Blargh, ergonomics be damned in a language like C++. Trying to do things like minimize boilerplate too much is generally counter-productive here to favoring more straightforward code (if that's the alternative) that's less likely to be misunderstood. Still if we go with the proposed answers, then you get both a more ergonomic solution and one which shouldn't be too prone to misuse provided the client understands that the scene coefficient is part of the object's state being updated with each update call.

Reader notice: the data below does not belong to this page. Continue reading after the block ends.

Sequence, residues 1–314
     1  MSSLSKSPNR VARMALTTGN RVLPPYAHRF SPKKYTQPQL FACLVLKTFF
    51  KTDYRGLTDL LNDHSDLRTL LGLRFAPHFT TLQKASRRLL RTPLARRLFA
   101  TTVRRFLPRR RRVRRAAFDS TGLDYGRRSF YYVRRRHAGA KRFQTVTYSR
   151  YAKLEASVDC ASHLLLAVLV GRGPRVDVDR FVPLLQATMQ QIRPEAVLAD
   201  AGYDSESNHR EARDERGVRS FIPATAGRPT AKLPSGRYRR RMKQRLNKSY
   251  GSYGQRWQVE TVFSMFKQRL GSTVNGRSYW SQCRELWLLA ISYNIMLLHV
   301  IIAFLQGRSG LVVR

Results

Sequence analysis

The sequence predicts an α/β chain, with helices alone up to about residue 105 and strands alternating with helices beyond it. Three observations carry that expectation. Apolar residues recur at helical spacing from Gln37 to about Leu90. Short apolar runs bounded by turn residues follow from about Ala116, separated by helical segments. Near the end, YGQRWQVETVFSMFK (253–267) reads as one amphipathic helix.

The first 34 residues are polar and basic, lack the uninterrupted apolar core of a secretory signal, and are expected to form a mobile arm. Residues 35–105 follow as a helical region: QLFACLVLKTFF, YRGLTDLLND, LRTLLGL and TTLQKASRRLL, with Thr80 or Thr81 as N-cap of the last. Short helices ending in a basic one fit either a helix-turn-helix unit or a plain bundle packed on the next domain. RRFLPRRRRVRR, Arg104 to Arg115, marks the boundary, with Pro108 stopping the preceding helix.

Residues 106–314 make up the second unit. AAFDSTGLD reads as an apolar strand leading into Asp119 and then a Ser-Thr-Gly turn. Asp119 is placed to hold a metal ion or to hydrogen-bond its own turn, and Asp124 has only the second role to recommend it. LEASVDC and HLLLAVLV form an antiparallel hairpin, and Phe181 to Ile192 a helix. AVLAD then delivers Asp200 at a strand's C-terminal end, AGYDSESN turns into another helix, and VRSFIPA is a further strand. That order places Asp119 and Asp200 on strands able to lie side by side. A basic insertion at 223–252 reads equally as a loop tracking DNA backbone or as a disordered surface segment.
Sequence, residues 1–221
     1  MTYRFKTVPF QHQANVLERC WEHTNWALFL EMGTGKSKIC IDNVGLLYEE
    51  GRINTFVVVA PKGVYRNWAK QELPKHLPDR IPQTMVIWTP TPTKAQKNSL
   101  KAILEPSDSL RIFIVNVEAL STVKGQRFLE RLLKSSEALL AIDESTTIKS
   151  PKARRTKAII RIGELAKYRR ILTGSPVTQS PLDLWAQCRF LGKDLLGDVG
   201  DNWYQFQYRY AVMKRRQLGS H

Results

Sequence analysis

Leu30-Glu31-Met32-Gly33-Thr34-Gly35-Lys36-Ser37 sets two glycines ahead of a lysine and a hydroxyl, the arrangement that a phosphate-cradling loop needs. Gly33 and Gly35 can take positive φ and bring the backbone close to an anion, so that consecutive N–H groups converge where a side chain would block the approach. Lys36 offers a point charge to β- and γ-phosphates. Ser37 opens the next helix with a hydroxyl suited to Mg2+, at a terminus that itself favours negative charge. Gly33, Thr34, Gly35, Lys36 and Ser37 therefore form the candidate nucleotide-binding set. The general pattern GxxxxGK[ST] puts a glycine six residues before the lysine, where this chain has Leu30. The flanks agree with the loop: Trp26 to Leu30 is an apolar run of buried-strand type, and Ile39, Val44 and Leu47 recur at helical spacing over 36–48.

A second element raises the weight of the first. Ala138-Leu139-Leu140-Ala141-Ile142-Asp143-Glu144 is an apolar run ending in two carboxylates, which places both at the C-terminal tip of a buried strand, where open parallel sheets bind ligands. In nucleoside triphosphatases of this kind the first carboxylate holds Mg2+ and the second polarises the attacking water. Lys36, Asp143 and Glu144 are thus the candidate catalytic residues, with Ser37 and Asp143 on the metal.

Your Answer

By clicking “Post Your Answer”, you agree to our terms of service and acknowledge you have read our privacy policy.

Not the answer you're looking for? Browse other questions tagged or ask your own question.